Ten years ago, the Lilly Ledbetter Fair Pay Act was signed into law, guaranteeing the rights of workers to challenge unlawful pay discrimination. On January 28, the Birnbaum Women’s Leadership Network hosted a symposium to mark the anniversary of the passage of the legislation—and to assess the state of pay equality today. In addition to panel discussions on fair pay and salary negotiation moderated, respectively, by Professors Deborah Archer and Florencia Marotta-Wurgler ’00, the event featured a keynote conversation between Professor Melissa Murray and Fatima Goss Graves, president and CEO of the National Women’s Law Center.
In their conversation, Murray and Graves spoke about Lily Ledbetter’s path to the Supreme Court and the legacy of her fight for pay equality. In 1997, Ledbetter was a 19-year Goodyear Tire & Rubber employee who discovered from an anonymous note that she was receiving lower pay than the men she was supervising. She ultimately filed a lawsuit with the Equal Employment Opportunity Commission (EEOC) against Goodyear under Title VII of the Civil Rights Act of 1964, arguing that the company had discriminated against her based on her gender.
In 2007, the Supreme Court decided against Ledbetter in a 5-4 ruling on the grounds that her claim was not filed within 180 days following the discriminatory salary decision, as required by Title VII; however, Justice Ruth Bader Ginsburg authored a dissent that encouraged the US Congress to address this inequity through legislation. In 2009, after Congress followed her suggestion, the Lily Ledbetter Fair Pay Act was the first piece of legislation that President Barack Obama signed. The act amends the Civil Rights Act of 1964 so that the 180-day statute of limitations resets every time the worker receives a paycheck affected by a discriminatory salary decision.
The law brought a shift in American culture, Murray said: “We got the start of a really rich and deep conversation about pay inequity,” she said.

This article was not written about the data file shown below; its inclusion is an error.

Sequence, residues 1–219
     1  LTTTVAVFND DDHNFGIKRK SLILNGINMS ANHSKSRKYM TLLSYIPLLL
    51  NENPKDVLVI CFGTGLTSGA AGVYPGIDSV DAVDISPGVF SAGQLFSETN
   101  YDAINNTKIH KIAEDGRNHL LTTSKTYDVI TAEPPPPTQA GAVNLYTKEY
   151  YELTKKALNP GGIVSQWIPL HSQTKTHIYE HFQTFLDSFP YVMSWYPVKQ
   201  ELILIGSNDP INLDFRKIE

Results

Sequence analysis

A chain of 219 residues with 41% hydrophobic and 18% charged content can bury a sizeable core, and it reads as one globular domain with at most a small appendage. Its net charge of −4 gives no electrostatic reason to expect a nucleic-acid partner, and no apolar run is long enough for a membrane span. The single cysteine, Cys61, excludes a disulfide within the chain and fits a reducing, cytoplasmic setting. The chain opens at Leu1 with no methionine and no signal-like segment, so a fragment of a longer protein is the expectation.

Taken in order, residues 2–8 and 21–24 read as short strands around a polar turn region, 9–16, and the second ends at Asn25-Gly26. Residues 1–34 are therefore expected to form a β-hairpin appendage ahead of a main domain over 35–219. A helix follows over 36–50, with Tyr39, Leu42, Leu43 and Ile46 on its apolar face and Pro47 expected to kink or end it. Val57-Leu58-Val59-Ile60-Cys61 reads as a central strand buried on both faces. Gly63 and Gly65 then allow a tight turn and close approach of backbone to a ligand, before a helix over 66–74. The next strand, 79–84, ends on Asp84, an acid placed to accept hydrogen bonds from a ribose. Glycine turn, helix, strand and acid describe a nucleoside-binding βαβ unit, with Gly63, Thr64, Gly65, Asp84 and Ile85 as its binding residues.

However, Graves noted that Ledbetter found out only at the end of her career that she had been paid less than her male coworkers. While her case ultimately influenced congressional legislation, she did not receive restitution for the years of pay discrimination. “Her decades of unfair pay are showing up in her retirement,” said Graves. “Because she lost in the Supreme Court… Lilly Ledbetter is never going to get that money back.”
In the years since the passage of the act, there has been continued movement towards fair pay, Graves said. One advancement, she said, is that many states, including New York, have passed legislation barring employers from asking prospective employees for salary histories; this prohibition can prevent a past instance of discriminatory pay from following a woman throughout her career. More recently, Graves said, the #MeToo movement has provoked conversation on how workplace harassment—which she described as “an everywhere problem”—contributes to continued pay inequality.
“When we launched Time’s Up, one of those rare things happened, where you had a group of leading women with a lot of platform, and huge microphones, aligning themselves with workers that had organized across a range of sectors for a really long time,” she said. As a result of some of these efforts, she noted, this year for the first time a national domestic worker bill of rights is expected to be introduced in Congress, cosponsored by Representative Pramila Jayapal and Senator Kamala Harris. “That idea—that you can continue to organize across privilege—is one that has been really exciting for all of us,” she said.
Follow the keynote discussion with Professor Melissa Murray and National Women’s Law Center President Fatima Goss Graves on video:
Watch video of the panel on fair pay:
Watch video of the panel on salary negotiation:
Posted February 14, 2019